W3C home > Mailing lists > Public > public-xg-webid@w3.org > April 2011

Re: self-signed

From: Henry Story <henry.story@bblfish.net>
Date: Mon, 18 Apr 2011 15:56:43 +0200
Cc: public-xg-webid@w3.org
Message-Id: <7FB49AA8-C10B-45C6-9573-0576398EF53E@bblfish.net>
To: Kingsley Idehen <kidehen@openlinksw.com>

On 18 Apr 2011, at 15:28, Kingsley Idehen wrote:

> On 4/18/11 5:27 AM, Henry Story wrote:
>> It is true that we need to think more carefully about the relation between the claims made in the certificate and the authentication.
>>   WebId authentication is orthogonal to certificate based authentication (This is true for Dane too)
>>    + it can work with x509 certificates but we could also imagine a future version of TLS that would only send bare keys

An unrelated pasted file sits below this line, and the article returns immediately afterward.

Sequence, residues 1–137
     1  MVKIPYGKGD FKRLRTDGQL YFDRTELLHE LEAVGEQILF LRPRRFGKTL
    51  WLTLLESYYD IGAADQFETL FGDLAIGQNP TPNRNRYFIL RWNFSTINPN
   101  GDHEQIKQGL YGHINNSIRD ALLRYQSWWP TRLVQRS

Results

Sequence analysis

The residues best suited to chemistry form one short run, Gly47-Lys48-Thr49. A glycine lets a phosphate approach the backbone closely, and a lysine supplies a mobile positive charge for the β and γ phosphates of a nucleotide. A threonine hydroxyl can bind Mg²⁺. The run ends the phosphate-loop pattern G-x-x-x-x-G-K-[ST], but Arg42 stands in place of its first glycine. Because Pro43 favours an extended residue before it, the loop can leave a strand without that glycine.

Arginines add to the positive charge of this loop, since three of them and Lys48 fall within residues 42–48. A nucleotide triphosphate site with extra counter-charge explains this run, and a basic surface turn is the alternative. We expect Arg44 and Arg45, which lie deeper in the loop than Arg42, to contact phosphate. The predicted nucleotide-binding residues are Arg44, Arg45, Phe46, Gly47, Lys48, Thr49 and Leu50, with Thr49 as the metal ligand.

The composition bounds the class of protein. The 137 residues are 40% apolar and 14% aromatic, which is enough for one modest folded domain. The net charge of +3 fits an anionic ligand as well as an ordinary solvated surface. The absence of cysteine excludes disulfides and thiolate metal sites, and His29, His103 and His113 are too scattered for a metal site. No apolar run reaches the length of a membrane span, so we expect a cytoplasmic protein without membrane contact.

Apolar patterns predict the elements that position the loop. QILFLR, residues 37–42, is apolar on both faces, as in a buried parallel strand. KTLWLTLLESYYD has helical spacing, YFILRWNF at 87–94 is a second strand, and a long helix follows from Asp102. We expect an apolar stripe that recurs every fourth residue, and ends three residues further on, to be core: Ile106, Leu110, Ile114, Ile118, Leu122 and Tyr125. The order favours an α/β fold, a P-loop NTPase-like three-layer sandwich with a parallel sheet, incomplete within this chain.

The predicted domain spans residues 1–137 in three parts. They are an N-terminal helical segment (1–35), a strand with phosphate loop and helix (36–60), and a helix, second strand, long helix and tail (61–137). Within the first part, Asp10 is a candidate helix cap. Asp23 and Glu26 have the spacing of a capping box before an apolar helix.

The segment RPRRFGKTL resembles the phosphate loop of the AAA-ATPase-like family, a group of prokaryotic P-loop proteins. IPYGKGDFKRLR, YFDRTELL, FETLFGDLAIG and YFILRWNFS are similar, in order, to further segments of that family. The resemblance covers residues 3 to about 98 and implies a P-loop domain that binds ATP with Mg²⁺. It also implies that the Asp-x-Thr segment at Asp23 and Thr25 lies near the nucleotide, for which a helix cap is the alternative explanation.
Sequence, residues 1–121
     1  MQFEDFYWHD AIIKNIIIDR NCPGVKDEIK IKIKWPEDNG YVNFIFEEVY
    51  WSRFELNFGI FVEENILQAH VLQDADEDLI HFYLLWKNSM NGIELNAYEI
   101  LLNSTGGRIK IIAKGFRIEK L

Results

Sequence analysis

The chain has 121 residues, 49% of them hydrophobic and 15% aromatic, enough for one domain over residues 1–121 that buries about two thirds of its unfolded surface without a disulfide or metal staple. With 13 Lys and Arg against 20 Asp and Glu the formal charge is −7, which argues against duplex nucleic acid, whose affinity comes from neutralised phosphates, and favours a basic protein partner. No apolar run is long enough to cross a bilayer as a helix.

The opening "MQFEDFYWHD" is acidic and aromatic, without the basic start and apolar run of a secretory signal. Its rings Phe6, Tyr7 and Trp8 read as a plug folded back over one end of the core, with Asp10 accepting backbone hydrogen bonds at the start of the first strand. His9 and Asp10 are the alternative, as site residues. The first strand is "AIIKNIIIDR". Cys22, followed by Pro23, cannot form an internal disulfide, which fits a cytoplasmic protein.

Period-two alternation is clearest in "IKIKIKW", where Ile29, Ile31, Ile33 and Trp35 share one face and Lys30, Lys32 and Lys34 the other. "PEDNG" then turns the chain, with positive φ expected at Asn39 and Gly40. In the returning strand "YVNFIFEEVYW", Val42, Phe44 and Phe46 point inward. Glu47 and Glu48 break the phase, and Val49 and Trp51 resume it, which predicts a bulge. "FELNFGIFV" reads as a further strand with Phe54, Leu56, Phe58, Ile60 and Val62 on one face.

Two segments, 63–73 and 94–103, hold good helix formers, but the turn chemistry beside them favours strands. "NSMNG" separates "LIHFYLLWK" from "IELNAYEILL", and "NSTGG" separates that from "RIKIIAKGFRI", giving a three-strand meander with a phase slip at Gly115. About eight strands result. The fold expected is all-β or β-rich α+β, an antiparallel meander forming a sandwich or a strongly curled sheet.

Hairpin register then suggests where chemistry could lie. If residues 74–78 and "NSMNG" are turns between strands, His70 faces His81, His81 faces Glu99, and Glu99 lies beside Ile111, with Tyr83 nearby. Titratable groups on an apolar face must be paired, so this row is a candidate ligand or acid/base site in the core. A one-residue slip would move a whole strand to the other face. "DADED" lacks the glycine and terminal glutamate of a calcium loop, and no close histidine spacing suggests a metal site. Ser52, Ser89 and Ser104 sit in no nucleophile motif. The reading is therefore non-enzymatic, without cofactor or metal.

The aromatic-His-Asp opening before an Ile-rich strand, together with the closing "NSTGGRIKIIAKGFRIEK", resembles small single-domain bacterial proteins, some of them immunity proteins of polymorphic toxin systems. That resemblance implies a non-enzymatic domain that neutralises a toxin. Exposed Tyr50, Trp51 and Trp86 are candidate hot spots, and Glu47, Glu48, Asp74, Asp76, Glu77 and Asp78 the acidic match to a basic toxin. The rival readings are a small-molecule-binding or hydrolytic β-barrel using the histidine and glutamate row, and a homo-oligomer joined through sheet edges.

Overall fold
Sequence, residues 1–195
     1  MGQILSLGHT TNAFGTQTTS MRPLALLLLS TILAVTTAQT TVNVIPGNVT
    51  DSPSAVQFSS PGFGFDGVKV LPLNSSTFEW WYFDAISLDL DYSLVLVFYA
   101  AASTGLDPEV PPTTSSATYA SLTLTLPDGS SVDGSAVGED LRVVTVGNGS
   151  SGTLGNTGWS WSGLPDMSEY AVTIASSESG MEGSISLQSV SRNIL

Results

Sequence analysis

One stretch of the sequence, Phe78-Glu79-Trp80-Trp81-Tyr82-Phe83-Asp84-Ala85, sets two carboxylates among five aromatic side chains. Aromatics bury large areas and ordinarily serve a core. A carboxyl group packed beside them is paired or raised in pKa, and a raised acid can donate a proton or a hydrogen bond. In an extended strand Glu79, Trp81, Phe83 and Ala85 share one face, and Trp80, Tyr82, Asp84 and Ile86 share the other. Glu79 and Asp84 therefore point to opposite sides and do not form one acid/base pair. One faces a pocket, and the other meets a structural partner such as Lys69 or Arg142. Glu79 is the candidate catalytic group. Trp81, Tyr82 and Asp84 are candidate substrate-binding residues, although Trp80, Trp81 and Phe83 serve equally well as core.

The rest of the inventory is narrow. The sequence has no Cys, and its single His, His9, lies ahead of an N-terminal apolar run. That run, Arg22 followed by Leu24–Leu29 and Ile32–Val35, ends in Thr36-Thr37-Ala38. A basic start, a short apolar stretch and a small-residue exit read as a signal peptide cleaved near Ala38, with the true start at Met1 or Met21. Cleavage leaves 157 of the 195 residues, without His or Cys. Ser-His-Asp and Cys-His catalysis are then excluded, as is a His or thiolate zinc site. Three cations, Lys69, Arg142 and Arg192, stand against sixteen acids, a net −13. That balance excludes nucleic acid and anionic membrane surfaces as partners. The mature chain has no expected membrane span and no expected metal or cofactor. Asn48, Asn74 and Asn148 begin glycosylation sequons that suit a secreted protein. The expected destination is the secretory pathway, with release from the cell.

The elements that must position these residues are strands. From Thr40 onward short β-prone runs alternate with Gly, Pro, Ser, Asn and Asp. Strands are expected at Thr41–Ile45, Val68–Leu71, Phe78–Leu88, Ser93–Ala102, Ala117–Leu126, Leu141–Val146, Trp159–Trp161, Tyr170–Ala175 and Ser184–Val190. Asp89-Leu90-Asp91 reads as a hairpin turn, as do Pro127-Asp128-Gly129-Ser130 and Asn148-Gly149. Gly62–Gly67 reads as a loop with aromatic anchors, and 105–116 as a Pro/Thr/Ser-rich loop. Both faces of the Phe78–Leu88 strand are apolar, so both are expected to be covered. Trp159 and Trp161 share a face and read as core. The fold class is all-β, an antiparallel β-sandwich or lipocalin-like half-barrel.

>>    + it also means that claims made in X509 certificates can work just as they do now
>>      If a CA places a WebID in the cert, then the CA claim functions and the WebID authn too. If they contradict each other then I would say it is up to the authenticating party to adjust his trust. If he only goes with the WebID authn, then he cannot rely on the CA statements. If he relies on the CA only then he can't trust the WebId process one. The best usually is to refuse.
>>    + the CA based authentication can itself be WebId anchored
>>      We could have root CA's with WebIds whom we trust because of their position in a network.
>>    on the X509v1-v3 issue
>>    + X509v1 does not have SAN field, so it's not much use practically for us
> If the following are true:
> 1. WebID is scoped to HTTP scheme URIs

Why? whatever the URI scheme, without a SAN or an IAN field, there is no place to put that in the cert.

> 2. Empty SANs not acceptable.

Not sure I understand.